OVER the last few years, I may have been a little guilty of giving one of our ever-increasingly popular patients less coverage than they deserve, writes Dominic Plumley.
There may be several reasons for this. As our pets go, these fellows may not be prone to some of the more exciting conditions that warrant a mention.
What is more, their appeal is not truly universal, particularly with our farmers or rural gardeners.
I am, of course, referring to bunny rabbits, which coincidentally make excellent pets and with a wide range of exotic breeds can be a million miles away from their wild cousins.
That said, we occasionally see the odd one that would be pretty difficult to pull out of an identity line-up from Farmer Brown’s field. Who said you can’t breed tame rabbits from wild ones?
Probably the most common problems we see in rabbits are associated with their teeth.
Like many herbivores, their teeth continually grow, maintaining opposing grinding surfaces throughout a life-time of chewing grass. When all is well, this is the perfect adaptation, however, if their diet doesn’t contain sufficient fibre to warrant plenty of chewing, things can quickly go awry.
Although the front incisors may be affected, it is the hidden molars at the back that are of more concern. As the teeth continue to grow and are not evenly ground down, sharp spurs develop, cutting into the tongue and cheeks, quite literally a mouth-wateringly painful process.
The result is that the poor bunny either stops eating altogether or just selectively eats softer foods that only go to make the problem worse.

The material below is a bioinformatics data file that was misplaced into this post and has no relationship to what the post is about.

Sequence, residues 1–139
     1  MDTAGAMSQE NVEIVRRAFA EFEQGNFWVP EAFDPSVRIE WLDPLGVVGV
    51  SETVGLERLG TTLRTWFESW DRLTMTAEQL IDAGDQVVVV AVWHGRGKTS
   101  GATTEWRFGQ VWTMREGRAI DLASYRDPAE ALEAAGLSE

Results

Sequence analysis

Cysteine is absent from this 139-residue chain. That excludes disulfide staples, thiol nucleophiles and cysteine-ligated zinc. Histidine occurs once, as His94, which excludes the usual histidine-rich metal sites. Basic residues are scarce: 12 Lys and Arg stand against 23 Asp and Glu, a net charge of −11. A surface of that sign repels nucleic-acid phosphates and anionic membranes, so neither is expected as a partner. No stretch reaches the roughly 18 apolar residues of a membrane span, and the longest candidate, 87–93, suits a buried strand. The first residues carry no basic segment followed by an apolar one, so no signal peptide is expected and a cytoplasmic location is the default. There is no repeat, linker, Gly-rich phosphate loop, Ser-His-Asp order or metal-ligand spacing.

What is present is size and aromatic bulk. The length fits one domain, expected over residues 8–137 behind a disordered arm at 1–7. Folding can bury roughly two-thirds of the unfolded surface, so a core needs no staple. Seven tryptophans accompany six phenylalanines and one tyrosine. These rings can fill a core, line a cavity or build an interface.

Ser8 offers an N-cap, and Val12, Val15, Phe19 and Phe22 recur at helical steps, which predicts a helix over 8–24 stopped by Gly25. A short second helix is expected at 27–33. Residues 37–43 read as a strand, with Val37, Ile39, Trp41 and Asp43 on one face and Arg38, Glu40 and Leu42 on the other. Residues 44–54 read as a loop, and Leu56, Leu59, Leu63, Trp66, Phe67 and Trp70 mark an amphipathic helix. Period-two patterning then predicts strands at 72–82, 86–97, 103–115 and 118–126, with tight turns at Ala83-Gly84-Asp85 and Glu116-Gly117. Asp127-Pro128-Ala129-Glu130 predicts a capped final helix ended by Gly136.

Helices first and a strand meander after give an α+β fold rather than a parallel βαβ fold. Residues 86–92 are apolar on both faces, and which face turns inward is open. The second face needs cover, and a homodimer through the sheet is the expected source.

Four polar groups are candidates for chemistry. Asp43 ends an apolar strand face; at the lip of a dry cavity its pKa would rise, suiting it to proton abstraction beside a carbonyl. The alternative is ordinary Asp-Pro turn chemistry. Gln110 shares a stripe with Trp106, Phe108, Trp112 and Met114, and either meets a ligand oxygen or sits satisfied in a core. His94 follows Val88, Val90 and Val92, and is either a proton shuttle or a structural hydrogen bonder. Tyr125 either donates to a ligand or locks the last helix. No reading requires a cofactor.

In some cases, the lack of dietary fibre and associated inappropriate mastication can cause gastro-intestinal problems, resulting in diarrhoea and a consequently dramatically higher risk of fly strike, another one of poor bunny’s increasing list of potential hazards.
Talking of hazards, we are all, no doubt, aware of the horrendous nature of the disease myxomatosis, caused by the Myxoma virus and spread either by direct contact or by fleas.
Historically introduced into wild rabbit colonies to control population size, myxomatosis still remains a real threat to domesticated rabbits. Fortunately there is a good vaccine that provides excellent protection, as there is for another potential killer, Viral Haemorrhagic Disease (VHD) which was similarly introduced to wild rabbits to keep numbers down.
Over the last few weeks we have been treating a wonderful bunny that rather ironically goes by the name of Vixen. However, weighing in at nearly 20lbs this English Giant rabbit would be quite a good match for your average fox.
Vixen’s owners became concerned when she developed strings of dramatic lumps throughout her mammary glands and fearing something sinister brought her in for us to examine.
Much to everyone’s relief, a biopsy of the abnormal tissue revealed that the changes were not in fact cancerous, but a hormonal cystic hyperplasia.
We have subsequently removed her ovaries and uterus, a rather unenviable task in such a plump individual, to good effect, the lumps already receding nicely.
I have to admit that these more specifically medical cases, even though the treatment was ultimately surgical, are not that common in our long-eared friends.
However, when they do occur, they are generally interesting to deal with and especially rewarding if the outcome is successful.